This post is a continuation to my random USSR series on the Soviet lifestyle as I know it – and obviously as I recall it now. Two things have thus been united in this recollection – ochered (=queue, pronounced Ochered’) and buterbrod (=open sandwich, pronounced bootirbrOt). Two musts of those times, two things you still find in our everyday life. Lines were created because of the miserly food and goods provision and sandwiches can be regarded a symbol of a Soviet creativity – make something out of nothing. Remember the lines from the communist/etc hymn, L’Internationale? Nous ne sommes rien, soyons tout, We are nothing, let us be all (Kto byl nichem, tot stanet vsem).
The last time I went to the Russian Museum I got struck by this picture called Ochered (Queue) by Alexey Sundukov (1986). I didn’t see any buterbrod-related artworks on display there so let’s start with this ochered thing first.
In the Soviet era lots of things fell under ‘deficit‘ category, one of the key words of the time and a result of State-regulated planned economy. So in the USSR you were queuing for everything: from a bag of potatoes to a car. That’s actually how my grandparents got their flat right before the USSR collapsed – we were in the line for the improvement of the living conditions, as they called it. And we did get to the ‘aim’ of the line, the flat. Sometimes in order to get into a line you had to know the right person (cause lines might as well be not physical), to be in the right place at the right moment, finally, to be always on guard and ready to act : ) During the war people were sending out children to arrive first in the line when food was distributed or would even pay to get a better position and both things were also common during the peaceful times.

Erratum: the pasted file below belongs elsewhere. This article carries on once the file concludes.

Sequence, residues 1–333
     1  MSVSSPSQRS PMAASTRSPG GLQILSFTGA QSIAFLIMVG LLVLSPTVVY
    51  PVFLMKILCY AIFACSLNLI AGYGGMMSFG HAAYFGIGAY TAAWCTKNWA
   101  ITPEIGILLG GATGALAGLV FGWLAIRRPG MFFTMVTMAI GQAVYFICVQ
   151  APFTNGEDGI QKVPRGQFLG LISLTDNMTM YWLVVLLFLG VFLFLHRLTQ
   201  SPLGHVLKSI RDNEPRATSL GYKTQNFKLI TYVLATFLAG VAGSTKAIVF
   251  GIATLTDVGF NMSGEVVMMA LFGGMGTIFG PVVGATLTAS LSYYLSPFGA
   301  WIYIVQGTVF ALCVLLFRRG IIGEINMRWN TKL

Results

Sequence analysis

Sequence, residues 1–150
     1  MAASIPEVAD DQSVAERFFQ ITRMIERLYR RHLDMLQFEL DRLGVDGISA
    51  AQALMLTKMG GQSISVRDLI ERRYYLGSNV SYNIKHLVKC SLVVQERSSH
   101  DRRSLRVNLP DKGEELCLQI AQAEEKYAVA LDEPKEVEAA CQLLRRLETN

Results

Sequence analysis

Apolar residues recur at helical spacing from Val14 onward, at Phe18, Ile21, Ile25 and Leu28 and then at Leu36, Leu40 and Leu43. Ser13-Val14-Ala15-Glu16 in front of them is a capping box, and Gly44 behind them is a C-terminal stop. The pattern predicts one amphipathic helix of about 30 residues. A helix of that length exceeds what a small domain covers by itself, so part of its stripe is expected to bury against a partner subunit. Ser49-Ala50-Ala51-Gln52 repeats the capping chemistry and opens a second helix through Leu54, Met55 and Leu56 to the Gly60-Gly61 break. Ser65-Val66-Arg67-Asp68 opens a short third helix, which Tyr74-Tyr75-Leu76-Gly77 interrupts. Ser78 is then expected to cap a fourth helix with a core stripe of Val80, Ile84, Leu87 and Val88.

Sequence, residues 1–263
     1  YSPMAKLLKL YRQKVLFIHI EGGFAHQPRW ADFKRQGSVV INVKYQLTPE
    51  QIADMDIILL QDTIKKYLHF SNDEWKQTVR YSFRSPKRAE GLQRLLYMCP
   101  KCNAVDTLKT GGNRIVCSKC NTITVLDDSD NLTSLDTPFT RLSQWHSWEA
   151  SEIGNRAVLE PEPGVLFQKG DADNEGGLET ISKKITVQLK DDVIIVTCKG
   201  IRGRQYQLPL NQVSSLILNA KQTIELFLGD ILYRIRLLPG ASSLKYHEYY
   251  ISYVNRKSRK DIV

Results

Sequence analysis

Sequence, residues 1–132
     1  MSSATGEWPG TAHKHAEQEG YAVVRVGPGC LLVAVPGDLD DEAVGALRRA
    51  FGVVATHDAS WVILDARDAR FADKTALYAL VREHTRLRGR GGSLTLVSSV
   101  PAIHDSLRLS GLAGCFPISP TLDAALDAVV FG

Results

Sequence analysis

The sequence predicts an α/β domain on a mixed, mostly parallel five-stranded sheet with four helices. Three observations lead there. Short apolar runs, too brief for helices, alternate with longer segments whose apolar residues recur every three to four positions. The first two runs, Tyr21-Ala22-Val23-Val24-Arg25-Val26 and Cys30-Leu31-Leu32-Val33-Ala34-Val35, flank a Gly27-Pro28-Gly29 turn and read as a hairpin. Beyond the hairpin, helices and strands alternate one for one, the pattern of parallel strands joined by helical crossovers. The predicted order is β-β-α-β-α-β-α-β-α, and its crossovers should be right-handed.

You can see that most of the people in the queue are holding fast to their multi-purpose bags – also known in Russia as avoska. Oh-oh, here we’ve come to a word which is really difficult to translate cause this is not your common word, this is a true lifestyle principle / concept (such as khalyava, for example). Let’s see what a dictionary says: avos (авось) = perhaps, probably, hit or miss, maybe, on the off chance; just in case; blind trust in divine providence, blind faith / trust in sheer luck, counting on a miracle; usually unjustified dependence on success by chance or luck; mayhap. So a typical use for this word would be: I’d rather go to the shops now – avos I find there good fresh tomatoes! (=perhaps, let’s hope). or I didn’t study for the exams so I just ponadeyalsya na avos and went straight into the room (put all the trust in my luck). or Take this book too, avos you’ll need it too (=just in case). Or you can just use avos as a short exclamation – Avos! meaning all sorts of things you’re hoping for.